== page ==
Post-harvest treatments: Environmental fate considerations for pesticide registration in Great Britain and Northern Ireland
When you are applying for pesticide registration in Great Britain and Northern Ireland for active substances used post-harvest you must provide a consideration of potential environmental exposure routes.
Post-harvest pesticide treatment is defined as treatment of plants or plant products after harvest in an isolated space where no run-off is possible, for example in a warehouse, see Regulation EC 1107/2009.
Throughout the life cycle of the pesticide used as a post-harvest treatment, environmental exposure (relevant to 1107/2009) can occur during:
- venting of the warehouse
- planting out of treated crops
- industrial processing of plants and plant materials
- disposal of waste product
The calculations required depend upon the application type and routes of exposure and are detailed in the following sections.
- Exposure via air
- Seed potatoes
- Industrial processing of plants and plant material
- Disposal of product
If you require further guidance please contact HSE.
Exposure via air
Exposure to air should be considered in line with Pesticides in air: Considerations for exposure assessment (otherwise know as FOCUS air).
The FOCUS air report concludes that deposition after volatilisation from indoor uses (for example in glasshouses) is in general less than in the field. Therefore, it may be possible to use an existing assessment of an outdoor use as a risk envelope to address emissions from the post-harvest indoor use. For further information see Risk envelope suitability for pesticide registration in Great Britain and Northern Irelanc.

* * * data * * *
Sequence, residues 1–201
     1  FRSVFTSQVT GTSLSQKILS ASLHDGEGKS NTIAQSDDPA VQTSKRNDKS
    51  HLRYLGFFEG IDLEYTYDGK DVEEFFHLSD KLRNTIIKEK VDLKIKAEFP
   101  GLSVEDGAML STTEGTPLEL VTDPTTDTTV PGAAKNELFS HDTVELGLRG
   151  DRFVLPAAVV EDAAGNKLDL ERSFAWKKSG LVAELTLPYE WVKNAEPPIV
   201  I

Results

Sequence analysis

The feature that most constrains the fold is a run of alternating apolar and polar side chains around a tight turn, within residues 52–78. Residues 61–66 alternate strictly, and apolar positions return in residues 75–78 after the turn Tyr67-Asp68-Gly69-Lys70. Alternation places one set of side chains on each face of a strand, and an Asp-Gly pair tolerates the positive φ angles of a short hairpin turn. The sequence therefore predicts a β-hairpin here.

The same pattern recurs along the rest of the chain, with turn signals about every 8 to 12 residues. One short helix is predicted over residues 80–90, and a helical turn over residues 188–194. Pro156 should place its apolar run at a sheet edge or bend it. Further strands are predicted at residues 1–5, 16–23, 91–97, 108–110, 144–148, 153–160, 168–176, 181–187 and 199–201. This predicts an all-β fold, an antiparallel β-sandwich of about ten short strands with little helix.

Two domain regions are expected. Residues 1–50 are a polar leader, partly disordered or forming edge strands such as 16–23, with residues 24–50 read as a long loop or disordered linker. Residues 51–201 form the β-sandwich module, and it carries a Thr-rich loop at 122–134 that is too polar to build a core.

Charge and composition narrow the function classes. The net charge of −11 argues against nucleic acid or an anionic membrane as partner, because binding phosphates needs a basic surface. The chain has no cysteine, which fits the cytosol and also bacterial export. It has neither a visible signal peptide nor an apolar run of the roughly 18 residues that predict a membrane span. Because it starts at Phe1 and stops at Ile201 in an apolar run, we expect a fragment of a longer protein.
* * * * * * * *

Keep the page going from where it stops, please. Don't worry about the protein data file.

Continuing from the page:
Alternatively, FOCUS air recommends default deposition percentages of 0.05% for high and low application volume techniques, or 0.2% in the case of ultra-low volume techniques. These default values can be applied irrespective of vapour pressure. A refined approach may be possible considering vapour pressure and the triggers proposed by the FOCUS air report, noting that the triggers established for volatilisation from soil or plants may not be appropriate for specific post-harvest treatment methods. Refined approaches should be fully justified.
Where seed potatoes are treated in a warehouse prior to subsequent planting there is a need to calculate soil exposure.
A measured or estimated residue level (in mg/kg) and planting rate (in kg/ha) are needed to calculate the soil loading:
- Soil loading (mg/ha) = residue level (mg/kg) x planting rate (kg/ha)
You should provide justification for any planting densities used in your applications.
Active A has a measured residue level of 1.84 mg/kg potatoes and the planting rate for seed potatoes is 7.5 tonnes/ha.
The soil loading is therefore 1.84 x 7500 = 13800 mg/ha, equivalent to an application rate of 13.8 g active/ha.
Using the soil loading as a pseudo application rate the initial PECsoil can be calculated, where a soil density of 1.5 g/cm3; a soil mixing depth of 5 cm and crop interception of 0% are used within the PECsoil calculator in Environmental fate models: Excel calculator tools.
Industrial processing of plants and plant material
Prior to industrial processing, treated commodities such as apples and potatoes are often washed; the water is collected and may be discharged to a sewage treatment plant (STP) (there is more information - Emissions to STP) or directly discharged to surface water (there is more information - Exposure via direct discharge).